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By DENNIS GRUBAUGH
    Illinois nonprofits taking it on the chin during the state budget uncertainty might consider going back to school.
    Leaders looking for ways to strengthen their organizations have found some help in specialty programs like the ones at Washington University Olin Business School in St. Louis.
p09 BundersonBunderson    Dr. Stuart Bunderson, a professor at the school, has been on the faculty since 1998 and for the past three years has been leading the executive programs, which includes a 20-month Executive MBA offered at several locations, including St. Louis, Kansas City, Denver, India and China.
    “We also have nondegree programs, for people interested in learning something but not necessarily working toward a terminal degree like an MBA. They’re just coming for, for example, a Certificate in Management or courses offered on an open enrollment basis.”
    The Executive MBA is about developing management skills “regardless of your organizational context,” he said. “In every class we always have students there who are in not-for-profit settings who are there to learn leadership, management skills, operations, finance, budgeting, supply chain — all of the things that are just as relevant to running a nonprofit enterprise as they are to running a for-profit concern.”
    Every class has at least a handful of people trying to better their understanding of the nonprofit world.
    Among those who apply for the program are retired military personnel and those who have had successful careers in business and want to do more with their lives.
     “In a class of, say, 50, we probably have five to 10 in a not-for-profit environment. It might be education. It might be government people,” he said. “We try to actively recruit those people and have scholarships for them. It can be a little harder paying for an Executive MBA tuition if you’re coming from a not-for-profit background.”
    Many such individuals lack practical management experience.
    “Folks in the not-for-profit world very often are mission driven, they want to make a difference. Some are ambivalent about the management, financial, accounting and operations side of an enterprise. Not only are they ambivalent, but in some cases they are actually somewhat negative about it. To them, it’s the enemy.”
    In other words, they are driven by things besides money.
    “They want to deal with the higher purpose of their mission, and I love that about them,” Bunderson said. “It means they’ve identified a cause that’s real, that meets a need. Yet when they get in there they find out they have real problems — like how to manage a workforce, how to continue funding, how to market, how to communicate your vision to constituents?”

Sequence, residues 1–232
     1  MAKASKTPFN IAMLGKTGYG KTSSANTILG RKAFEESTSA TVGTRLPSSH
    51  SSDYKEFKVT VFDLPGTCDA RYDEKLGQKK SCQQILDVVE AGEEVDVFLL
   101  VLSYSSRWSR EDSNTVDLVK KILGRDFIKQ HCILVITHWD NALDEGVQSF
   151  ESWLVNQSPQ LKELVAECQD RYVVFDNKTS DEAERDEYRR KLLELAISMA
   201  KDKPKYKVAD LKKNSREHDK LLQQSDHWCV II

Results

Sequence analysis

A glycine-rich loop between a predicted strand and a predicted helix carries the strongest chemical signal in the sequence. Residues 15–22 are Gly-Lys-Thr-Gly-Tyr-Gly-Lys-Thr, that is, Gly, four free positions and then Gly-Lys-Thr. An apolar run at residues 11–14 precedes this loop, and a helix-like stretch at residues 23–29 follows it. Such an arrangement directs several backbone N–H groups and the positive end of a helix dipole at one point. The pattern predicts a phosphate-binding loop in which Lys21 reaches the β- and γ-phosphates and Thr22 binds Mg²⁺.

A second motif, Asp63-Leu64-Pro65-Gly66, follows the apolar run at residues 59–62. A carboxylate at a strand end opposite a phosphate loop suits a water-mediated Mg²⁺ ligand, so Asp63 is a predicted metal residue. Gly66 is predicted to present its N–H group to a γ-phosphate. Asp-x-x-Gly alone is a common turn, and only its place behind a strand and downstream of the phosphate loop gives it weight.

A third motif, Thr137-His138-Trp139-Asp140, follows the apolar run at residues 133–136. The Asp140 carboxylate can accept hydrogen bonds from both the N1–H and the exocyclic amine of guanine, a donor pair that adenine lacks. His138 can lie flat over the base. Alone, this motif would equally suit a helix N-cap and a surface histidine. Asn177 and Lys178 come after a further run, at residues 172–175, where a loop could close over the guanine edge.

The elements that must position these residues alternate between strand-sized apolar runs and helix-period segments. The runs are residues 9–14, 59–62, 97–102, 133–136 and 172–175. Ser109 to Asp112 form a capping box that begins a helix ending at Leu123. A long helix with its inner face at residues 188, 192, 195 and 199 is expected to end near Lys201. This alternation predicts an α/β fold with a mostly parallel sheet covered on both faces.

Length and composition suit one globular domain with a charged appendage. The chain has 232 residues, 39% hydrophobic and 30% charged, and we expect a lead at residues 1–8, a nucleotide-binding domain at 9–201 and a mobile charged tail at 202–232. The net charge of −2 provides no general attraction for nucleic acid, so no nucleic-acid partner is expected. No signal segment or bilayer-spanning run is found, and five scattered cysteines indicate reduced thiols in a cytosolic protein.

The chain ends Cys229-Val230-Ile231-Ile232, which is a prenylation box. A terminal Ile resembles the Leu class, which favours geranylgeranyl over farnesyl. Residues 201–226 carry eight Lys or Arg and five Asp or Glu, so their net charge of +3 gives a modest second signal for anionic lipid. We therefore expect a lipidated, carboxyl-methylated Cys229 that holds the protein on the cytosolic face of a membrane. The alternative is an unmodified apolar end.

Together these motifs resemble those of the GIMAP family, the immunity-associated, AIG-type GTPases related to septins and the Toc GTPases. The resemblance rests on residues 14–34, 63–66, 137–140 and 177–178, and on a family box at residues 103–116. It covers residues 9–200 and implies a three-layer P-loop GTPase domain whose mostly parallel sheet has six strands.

He added: “All those tools and skills and framework have been developed and perfected, most often, within business schools.”
    A couple of years ago, as part of the nondegree arm of the Executive MBA program, the school designed a Certificate in Business Management for Not-for-Profit Professionals. It was done in partnership with the United Way of Greater St. Louis and with the Brown School of Social Work at Wash U.
    Working together, the parties identified agencies in the United Way network that were generally doing well but beginning to face management and organizational challenges. United Way nominates participants for the Washington University program.
    “If nominated, the program is free,” Bunderson said. “Those people come in and take a variety of courses on topics such as applying business thinking to a nonprofit organization, financial reporting, brand management, stakeholder influence and managing your board. They’ll come in and take these courses with other high-profile nonprofit leaders. At the end of it they walk out with skills that become transformative to them as individuals as well as for their organizations.”
    Bunderson said nonprofits have seen growth in recent years, despite a trying economy.
    “Between 2007 and 2012, private sector employment dropped about 3 percent, but during that same period, nonprofits created jobs every year,” he said.
    Between 2003 and 2013, there was an increase in 501 (c) (3) organizations, with 24.7 percent growth in Illinois, he said.
    Nonprofits are critical, not only because of the good they do through their missions, but also because of the employment they provide.
    Some 1.6 million nonprofits accounted for around 10 percent of the U.S. workforce in 2010, he said.
    
Nonprofits by the numbers

    The following information is from the U.S. Bureau of Labor Statistics:

  •     In 2012, nonprofits accounted for nearly 550,000 jobs in Illinois, accounting for 11.3 percent of employment across the state.
  •     Nonprofit employment increased by 8.5 percent (10.5 million to 11.4 million) from 2007 to 2012.
  •     Despite the recession, nonprofits created new jobs every year from 2007 to 2012.
  •     Total wages increased from $421 billion in 2007 to $532 billion in 2012, an increase of 26 percent.
  •     The number of newly established nonprofit organizations increased 15 percent (from 232,396 to 267,855).
  •     Total private-sector employment declined 3 percent between 2007 and 2012.

    The following is from the Urban Institute

  •     From 2001 to 2011, the U.S. saw 25 percent growth in nonprofits while for-profit businesses only increased by 0.5 percent.
  •     Approximately 1.6 million nonprofits employed 10 percent of the U.S. work force in 2010.